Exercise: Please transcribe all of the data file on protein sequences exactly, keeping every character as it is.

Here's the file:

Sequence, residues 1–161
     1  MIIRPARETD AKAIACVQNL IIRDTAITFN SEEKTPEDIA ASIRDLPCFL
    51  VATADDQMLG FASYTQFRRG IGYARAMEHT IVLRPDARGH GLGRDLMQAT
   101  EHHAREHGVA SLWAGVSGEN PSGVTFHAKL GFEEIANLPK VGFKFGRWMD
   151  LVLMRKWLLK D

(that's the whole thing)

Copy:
Sequence, residues 1–161
     1  MIIRPARETD AKAIACVQNL IIRDTAITFN SEEKTPEDIA ASIRDLPCFL
    51  VATADDQMLG FASYTQFRRG IGYARAMEHT IVLRPDARGH GLGRDLMQAT
   101  EHHAREHGVA SLWAGVSGEN PSGVTFHAKL GFEEIANLPK VGFKFGRWMD
   151  LVLMRKWLLK D